Recommissioning of Texas processing plant may provide reprieve to sheep industry

Drew Jorgensen of Skyline Sheep Co. directs sheep into a trailer to be hauled out to the western desert. The Jorgensens and other Utah lamb growers have been dealing with a crisis over where to process their lambs after Brazilian meat packing giant bought up the only viable processing plant, but a newly purchased operation in Texas looks like a solution for the western lamb industry.


Recommissioning of Texas processing plant

may provide reprieve to sheep industry


By Robert Stevens

Managing editor



SAN ANGELO, TEXAS—A Colorado ranch family is recommissioning a defunct Texas lamb processing plant to help bail out the western lamb industry.

Jay and Jo Hasbrouck and family of Ault, Colorado, and Double J Meat Packing/Double J Lamb Feeders have officially taken over the processing plant that was once Ranchers Lamb of Texas in San Angelo, Texas.

The new plant will be redubbed Double J Lamb, Inc. of Texas. The plant has been out of commission for 15 years, so it will require some renovation to be reopened.

“It hasn’t been used in quite a few years, so there’s a lot of work to do,” said Jeff Hasbrouck, son of Jay Hasbrouck and manager of Double J Lamb Feeders.

The new plant will serve ranchers from more than a dozen western states who lost their only other place to have their lambs slaughtered, processed and packed after Brazilian meat packing Giant JBS took over the bankrupt Mountain States Rosen plant in Greeley, Colorado with the intent to convert it entirely to a beef only facility.

“We felt like we had to do something for our customers and for the industry, so we reached out and toured the plant in San Angelo and felt like this was a good fit for us,” Hasbrouck said. “It’s a nice facility, but it just needs a little bit of work.”

The San Angelo plant was designed to process 1,800 head per day and, according to Jay Hasbrouck, will initially employ a workforce of approximately 80-100 people. The Hasbroucks’ goal is to process about 200,000 head of lamb a year at the facility. The Greeley, Colorado plant was processing roughly 350,000 head per year before JBS took it over in a bankruptcy auction.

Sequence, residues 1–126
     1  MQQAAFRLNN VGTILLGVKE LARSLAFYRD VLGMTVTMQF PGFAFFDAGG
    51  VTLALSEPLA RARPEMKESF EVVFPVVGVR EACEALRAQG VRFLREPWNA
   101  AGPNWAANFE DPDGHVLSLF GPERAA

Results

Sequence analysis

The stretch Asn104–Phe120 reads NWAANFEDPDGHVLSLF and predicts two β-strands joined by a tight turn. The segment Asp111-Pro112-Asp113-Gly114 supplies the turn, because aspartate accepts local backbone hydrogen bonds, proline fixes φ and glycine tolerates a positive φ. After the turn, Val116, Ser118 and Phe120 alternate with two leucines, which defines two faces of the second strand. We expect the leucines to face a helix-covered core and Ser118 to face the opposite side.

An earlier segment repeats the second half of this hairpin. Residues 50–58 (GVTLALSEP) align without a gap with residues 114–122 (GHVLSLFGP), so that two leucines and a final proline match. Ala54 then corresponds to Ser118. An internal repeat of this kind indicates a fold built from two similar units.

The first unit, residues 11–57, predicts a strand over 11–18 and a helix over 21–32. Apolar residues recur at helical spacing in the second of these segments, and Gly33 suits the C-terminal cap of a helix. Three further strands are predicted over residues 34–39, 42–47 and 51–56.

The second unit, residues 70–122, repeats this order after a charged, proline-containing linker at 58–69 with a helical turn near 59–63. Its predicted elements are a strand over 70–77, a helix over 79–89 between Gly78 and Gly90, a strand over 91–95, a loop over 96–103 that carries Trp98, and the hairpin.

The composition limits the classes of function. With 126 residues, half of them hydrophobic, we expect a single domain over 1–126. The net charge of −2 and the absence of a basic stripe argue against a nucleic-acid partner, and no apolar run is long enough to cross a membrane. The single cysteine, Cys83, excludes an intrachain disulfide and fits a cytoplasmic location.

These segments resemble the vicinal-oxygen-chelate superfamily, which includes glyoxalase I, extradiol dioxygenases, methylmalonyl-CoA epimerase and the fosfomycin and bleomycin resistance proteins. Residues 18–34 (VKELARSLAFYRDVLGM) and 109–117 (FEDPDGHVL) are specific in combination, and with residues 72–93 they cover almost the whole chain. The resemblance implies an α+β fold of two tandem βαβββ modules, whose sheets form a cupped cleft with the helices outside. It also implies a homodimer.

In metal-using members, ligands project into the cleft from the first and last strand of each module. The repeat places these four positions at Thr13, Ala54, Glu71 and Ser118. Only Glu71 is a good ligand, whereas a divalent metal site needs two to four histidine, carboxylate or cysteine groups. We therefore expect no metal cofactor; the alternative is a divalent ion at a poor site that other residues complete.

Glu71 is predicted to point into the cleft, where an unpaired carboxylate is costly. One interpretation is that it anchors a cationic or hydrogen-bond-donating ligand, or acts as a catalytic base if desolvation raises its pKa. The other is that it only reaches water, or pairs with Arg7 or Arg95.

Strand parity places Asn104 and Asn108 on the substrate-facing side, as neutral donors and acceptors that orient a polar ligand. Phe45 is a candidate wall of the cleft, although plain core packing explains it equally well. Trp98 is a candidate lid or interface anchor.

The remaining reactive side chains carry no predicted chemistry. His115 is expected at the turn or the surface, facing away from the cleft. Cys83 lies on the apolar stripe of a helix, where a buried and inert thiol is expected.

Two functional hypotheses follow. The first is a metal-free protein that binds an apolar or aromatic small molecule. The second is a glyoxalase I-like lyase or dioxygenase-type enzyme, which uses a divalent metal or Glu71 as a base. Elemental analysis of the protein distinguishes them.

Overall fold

The American Sheep Industry Assn. (ASI) released a statement saying the new plant will be a “needed shot in the arm” for the industry, which has been scrambling to figure out where they will process their lambs with the Greeley, Colorado plant switching to all beef. Another plant in Brush, Colorado is being opened, but it will not have the ability to “fabricate” or process and pack into distributable portions for immediate sale, making it an unrealistic solution for most western lamb growers.

“This is a bold, innovative step that the Hasbrouck family is taking in looking for a new way to support the American sheep industry,” said ASI executive director Peter Orwick. “I think the entire industry will applaud their efforts and wish them the best of luck in this new endeavor.”

Officials in San Angelo welcome the plant’s reopening as well, for its benefit to the local economy.

“The San Angelo Chamber of Commerce welcomes the Double J Meat Packing company to our community,” said Walter Koenig, President and CEO of the San Angelo Chamber of Commerce. “The reestablishment of this processing plant will drive growth in this critical sector and will provide lasting benefits to our local economy for decades to come.”

Although reopening the plant will take some effort, the Hasbroucks say they are up to the challenge.

“We hope to have the plant up and running in two months,” said Hasbrouck, who has been in San Angelo overseeing the purchase of the lamb plant. “We’ll have to ramp up, so we’ll probably just be harvesting lambs at first, but will start fabricating soon after that. We knew we didn’t have a lot of time to get this done, so we couldn’t sit back and wait for it to happen.”

The Hasbroucks say they will also begin processing some other small livestock at some point.